This might seem complicated, but I promise once you figure it out it's very easy. I learned this when I was a kid in elementary school. We made coasters.
You have two options for your loom board. Cardboard or Wood.
Wood - Pros: Sturdier, the work can be tighter, you can use it for years if you want.
...........Cons: Weighs a lot, possibly more expensive, harder to cut to size, harder to cut slots.
Cardboard - Pros: It's free everywhere any size, lightweight, easy to trim, if you make a mistake it's easy to replace.
..................Cons: It can bend with too much tension, can get soft in humidity, pets like to lie on it and chomp on it.
Whatever size rug you want you need a piece of cardboard a couple inches larger. Refrigerator cartons are great for large rugs. EDIT: I forgot to put pizza boxes here! They're great for making large placemats or small bath mats.
Next you need to think of the size and characteristics of your materials. I was talking about using old sheets and t-shirts in an earlier post so I'll use that as the gauge. It's best not to use a stretchy fabric for the vertical strips. It's easier to use something that won't keep stretching as you work. I often used cotton twine or slender rope. I've even heard of people using plastic grocery bags.
So, we want the verticals to be non-stretchy and about 1/2" to 1" wide continuous strip. The horizontals can be anything material or sizes you want as long as they are at least as long as the board.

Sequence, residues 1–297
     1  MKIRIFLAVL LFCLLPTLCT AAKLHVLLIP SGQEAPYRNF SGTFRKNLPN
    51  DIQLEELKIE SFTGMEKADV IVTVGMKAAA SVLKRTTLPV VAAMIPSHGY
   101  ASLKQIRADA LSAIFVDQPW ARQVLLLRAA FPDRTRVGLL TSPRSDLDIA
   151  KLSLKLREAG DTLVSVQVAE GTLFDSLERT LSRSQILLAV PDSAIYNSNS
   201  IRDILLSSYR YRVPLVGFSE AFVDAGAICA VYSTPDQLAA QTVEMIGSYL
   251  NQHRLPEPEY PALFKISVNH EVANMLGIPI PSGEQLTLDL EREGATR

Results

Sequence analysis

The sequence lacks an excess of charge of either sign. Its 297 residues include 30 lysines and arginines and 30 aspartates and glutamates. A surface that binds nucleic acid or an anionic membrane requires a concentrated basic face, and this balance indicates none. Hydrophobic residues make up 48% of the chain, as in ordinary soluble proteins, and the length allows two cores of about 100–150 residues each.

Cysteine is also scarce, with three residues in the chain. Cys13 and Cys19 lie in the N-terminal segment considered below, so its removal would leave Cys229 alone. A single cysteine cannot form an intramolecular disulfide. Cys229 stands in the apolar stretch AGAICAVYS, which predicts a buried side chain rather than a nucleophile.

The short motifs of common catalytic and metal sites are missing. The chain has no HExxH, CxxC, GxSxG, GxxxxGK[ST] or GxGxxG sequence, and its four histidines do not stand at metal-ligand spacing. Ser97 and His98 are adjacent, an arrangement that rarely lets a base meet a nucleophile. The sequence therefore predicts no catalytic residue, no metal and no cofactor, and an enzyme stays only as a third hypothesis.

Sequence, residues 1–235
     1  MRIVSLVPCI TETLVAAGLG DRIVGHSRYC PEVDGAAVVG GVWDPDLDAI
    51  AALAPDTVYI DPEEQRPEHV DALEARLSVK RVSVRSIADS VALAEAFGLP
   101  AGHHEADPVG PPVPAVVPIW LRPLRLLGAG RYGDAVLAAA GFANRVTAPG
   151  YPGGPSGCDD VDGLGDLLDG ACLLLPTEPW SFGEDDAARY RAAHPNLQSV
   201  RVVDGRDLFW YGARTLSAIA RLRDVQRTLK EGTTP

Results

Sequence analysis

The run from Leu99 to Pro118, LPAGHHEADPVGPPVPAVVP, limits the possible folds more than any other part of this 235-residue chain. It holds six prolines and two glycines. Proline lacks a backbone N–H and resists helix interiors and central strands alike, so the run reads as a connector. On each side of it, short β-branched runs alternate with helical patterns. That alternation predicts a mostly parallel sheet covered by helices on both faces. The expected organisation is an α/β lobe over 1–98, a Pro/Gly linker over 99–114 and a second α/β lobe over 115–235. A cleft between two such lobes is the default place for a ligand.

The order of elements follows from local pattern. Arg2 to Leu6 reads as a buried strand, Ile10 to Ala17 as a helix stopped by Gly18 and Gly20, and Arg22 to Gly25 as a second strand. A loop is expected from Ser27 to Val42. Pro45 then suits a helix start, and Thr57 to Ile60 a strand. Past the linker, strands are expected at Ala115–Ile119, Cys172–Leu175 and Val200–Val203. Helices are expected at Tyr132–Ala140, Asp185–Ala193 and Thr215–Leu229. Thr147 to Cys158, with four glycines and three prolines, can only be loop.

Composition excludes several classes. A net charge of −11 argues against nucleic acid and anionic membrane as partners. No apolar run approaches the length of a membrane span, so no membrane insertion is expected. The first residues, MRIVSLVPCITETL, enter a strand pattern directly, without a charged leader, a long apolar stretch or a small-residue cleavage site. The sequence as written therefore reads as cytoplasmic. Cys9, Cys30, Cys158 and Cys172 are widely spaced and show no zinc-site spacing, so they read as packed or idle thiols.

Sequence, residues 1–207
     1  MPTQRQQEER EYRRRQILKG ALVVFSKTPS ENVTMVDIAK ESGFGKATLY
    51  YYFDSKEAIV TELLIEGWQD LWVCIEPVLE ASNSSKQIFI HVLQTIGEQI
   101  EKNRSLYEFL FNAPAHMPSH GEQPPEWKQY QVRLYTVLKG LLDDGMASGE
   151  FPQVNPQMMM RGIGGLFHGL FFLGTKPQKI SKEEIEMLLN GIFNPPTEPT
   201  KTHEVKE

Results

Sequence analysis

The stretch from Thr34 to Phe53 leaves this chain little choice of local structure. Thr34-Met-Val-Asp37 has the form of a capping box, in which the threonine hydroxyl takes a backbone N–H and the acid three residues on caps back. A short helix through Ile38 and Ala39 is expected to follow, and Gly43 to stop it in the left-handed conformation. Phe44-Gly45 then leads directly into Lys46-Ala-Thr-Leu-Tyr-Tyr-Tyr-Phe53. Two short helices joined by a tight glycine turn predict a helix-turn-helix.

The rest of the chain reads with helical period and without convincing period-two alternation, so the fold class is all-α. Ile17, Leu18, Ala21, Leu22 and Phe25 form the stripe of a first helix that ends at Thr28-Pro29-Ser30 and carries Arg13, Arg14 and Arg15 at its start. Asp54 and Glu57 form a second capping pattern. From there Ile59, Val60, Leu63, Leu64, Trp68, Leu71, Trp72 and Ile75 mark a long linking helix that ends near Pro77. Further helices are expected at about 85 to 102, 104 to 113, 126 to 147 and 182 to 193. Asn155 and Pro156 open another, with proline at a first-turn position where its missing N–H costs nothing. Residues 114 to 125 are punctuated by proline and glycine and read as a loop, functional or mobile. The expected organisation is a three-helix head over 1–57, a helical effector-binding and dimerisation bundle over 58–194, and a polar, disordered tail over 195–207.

PREPARING THE LOOM
As I'm talking about this I'll refer to the side with the knot as the top. The vertical strips as verticals and the horizontals as horizontals.
1) Cut slots at least 1" apart and about 1 1/2" deep on both long sides of your cardboard. FIG-A shows the slot cuts. If it's a square just make sure it's the opposite sides. You can do a circle but that might be too complicated for now, if anyone is interested I can make directions for that but once you see how this works you'll see how a circle would go.
2) Tie a knot in one end of your non-stretchy continuous strip. Push it firmly into the end left-hand slot. The knot should be at the back of the board. Draw the strip down the front of the board to the bottom slot and through it to the back. Then pull it across the tab and back through the next slot toward the front again. FIG-B shows the back of the board. FIG-C shows the front. Make this as tight as you can without bending your board. If your strip is too short just tie another length on it and continue. When you reach the last slot tie a knot at the back of the board.
The material you use for the horizontal strips can be any width as long as they are as long as the board to avoid loose ends in the middle of your rug.
Weave them one over, one under, for the tightest weave. Note FIG-C. After you have two or three done push them toward the slotted edge of the board to tighten and make more room for others. Continue this until your rug is completely filled in.
Clip the center of each yarn where it crosses the tabs in the back of your board as in FIG-D. After a few are clipped pull them from the slot and tie the first on to the second and the third to the fourth as tight as you can without messing up the edge of the work. If you only cut 6 or 8 at a time it prevents your work from becoming crooked due to the uneven tension. That takes care of the loose ends that were at the top and bottom of the board. The sides can be tied the same way or you can even run a seam across the ends of the rug just in front of the last vertical if you want to make sure it's secure.
EDIT: Simplified Instructions: scroll to the bottom for that thread.